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  1. #1
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    A few exam questions

    Hi,

    I would like to ask you guys a few questions about the exam I took lately. We had the upportunity to check our marked exams last Saterday. After that I still have some questions running throught my mind.

    1) a fill-in exercise; We got a sentence where we had to fill in the correct missing word. Behind each sentence we had a description and according to this description we had to look for the missing word ... easy.
    -> Don't ... my patience. -> the word we had to fill in was "try". I didn't know this one, just couldn't come up with the word so I went for an alternative namely; "Don't put my patience to the test".

    My question is whether this is a good solid alternative. According to what I know, as far as my feelings go and to what I have heard... it is !

    2) Written exercise; Pushing the evelope, is an idiom. I know it for years and used it in a paragraph that I wrote. The sentence was: "Since the arrival of digital photography you (as a photographer) have been able to push the evelope."
    I was taking here about the technical aspect of photography. And what I want to stress is -> pushing the bounderies, looking for the limit of what is possible.
    My question; Is this correct ? Because, my teacher (who is native American) underlined it and marked it with a question mark because she didn't know it.

    Last thing:

    I'm not a big writer, writing is not my cup of tea! The problem I have is, that I just write very neutral. I lack fluency. Is there a way how I can improve my writing skills ? I'm much more of a speaker than a writer.
    The problem I suffer in English is the same as in Dutch. Lack of fluency.

    Please correct my mistakes in this message if you like (if there are any)

    Thanks in advance

    Johan

  2. #2
    Horsa is offline Senior Member
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    Re: A few exam questions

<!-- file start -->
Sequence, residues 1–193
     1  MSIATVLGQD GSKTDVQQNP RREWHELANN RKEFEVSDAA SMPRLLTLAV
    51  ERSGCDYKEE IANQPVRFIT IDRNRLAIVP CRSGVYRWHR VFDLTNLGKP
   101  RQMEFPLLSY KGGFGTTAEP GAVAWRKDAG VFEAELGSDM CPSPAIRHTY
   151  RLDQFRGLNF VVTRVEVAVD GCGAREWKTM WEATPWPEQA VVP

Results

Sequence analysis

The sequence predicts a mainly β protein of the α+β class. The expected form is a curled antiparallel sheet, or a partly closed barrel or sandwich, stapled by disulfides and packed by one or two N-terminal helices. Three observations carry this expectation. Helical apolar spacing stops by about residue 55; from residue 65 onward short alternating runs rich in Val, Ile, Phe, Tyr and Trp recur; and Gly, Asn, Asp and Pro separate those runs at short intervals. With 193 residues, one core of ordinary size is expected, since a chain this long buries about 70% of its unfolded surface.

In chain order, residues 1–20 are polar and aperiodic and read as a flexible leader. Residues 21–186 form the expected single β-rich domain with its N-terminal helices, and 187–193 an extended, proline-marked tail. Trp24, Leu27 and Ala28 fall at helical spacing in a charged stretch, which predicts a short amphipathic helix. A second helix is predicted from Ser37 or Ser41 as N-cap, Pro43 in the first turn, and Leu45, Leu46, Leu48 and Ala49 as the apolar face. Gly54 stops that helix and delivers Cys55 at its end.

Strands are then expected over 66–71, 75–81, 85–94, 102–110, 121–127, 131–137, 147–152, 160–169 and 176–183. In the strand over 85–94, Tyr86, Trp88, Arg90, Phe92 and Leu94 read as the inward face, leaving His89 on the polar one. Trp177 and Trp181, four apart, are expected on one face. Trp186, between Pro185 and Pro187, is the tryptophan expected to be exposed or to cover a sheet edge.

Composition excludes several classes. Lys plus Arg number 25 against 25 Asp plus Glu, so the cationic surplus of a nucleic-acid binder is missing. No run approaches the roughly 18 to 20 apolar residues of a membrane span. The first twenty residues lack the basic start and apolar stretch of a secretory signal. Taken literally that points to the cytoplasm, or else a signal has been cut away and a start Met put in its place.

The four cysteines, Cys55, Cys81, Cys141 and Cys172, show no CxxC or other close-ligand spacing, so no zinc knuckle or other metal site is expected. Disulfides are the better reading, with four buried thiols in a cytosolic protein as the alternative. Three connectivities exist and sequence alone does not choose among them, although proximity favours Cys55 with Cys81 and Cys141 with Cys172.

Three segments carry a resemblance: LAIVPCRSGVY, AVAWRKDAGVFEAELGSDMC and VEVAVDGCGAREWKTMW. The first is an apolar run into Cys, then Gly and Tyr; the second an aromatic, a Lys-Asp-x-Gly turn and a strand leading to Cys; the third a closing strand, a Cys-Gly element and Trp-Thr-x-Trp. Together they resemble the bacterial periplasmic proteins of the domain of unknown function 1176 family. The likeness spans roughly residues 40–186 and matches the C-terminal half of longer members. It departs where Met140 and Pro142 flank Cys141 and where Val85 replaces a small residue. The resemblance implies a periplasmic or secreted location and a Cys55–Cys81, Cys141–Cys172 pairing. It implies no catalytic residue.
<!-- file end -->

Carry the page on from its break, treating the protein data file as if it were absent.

1) a fill-in exercise; We got a sentence where we had to fill in the correct missing word. Behind each sentence we had a description and according to this description we had to look for the missing word ... easy.
    -> Don't ... my patience. -> the word we had to fill in was "try". I didn't know this one, just couldn't come up with the word so I went for an alternative namely; "Don't put my patience to the test".
    My question is whether this is a good solid alternative. According to what I know, as far as my feelings go and to what I have heard... it is !
    I would prefer 'Don't test my patience.' but your alternative is OK except that it doesn't fit in the gap so would be wrong in the test.

    2) Written exercise; Pushing the evelope, is an idiom. I know it for years and used it in a paragraph that I wrote. The sentence was: "Since the arrival of digital photography you (as a photographer) have been able to push the evelope."
    I was taking here about the technical aspect of photography. And what I want to stress is -> pushing the bounderies, looking for the limit of what is possible.
    My question; Is this correct ? Because, my teacher (who is native American) underlined it and marked it with a question mark because she didn't know it.

    I am British and I have never heard of the idiom 'pushing the envelope' either. Where did you learn it? 'pushing the boundaries' is, of course, fine.

    As for fluency written or spoken practice is the answer. I found that my written Russian improved no end through 'chatting' on ICQ. Mainly because I had to answer immediately and couldn't keep referring to a dictionary.

  3. #3
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    Re: A few exam questions

    Quote Originally Posted by Horsa View Post
    1)
    I am British and I have never heard of the idiom 'pushing the envelope' either. Where did you learn it? 'pushing the boundaries' is, of course, fine.

    Horsa,

    First of all, thanks for your input.
    Don't put my patience to the test You are right about that my alternative doesn't fit the sentence, but on the other hand I'm satisfied that it is correct.
    In this case I didn't get a point for my answer...darn

    Pushing the evelope: Means pushing the bounderies or to go to the limits, to do something to the maximum possible. This idiom is mentioned in the list of idioms on this site as well.
    The first time I heard it was in the movie Top Gun, which I saw over and over again as a child. I have seen it at least 10 times
    English Idioms Beginning With 'P' - UsingEnglish.com

    Thanks and have a nice rest of the day

    Johan
    Last edited by Johan[@CLT]; 20-Feb-2008 at 14:38.

  4. #4
    Horsa is offline Senior Member
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    Re: A few exam questions

    Well there you go you taught me something! Thanks! I guess it's an American idiom or maybe I've been out of the UK for too long.

  5. #5
    RedMtl's Avatar
    RedMtl is offline Member
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    Smile Re: A few exam questions

    Quote Originally Posted by Horsa View Post
    Well there you go you taught me something! Thanks! I guess it's an American idiom or maybe I've been out of the UK for too long.
    Pushing the envelope is definitely heard in America. I don't even hear it much in Canada, but living so close to the USA, I do hear it often in news broadcasts hailing from there.

    The meaning can easily be inferred, though, and is as stated in the earlier posts.

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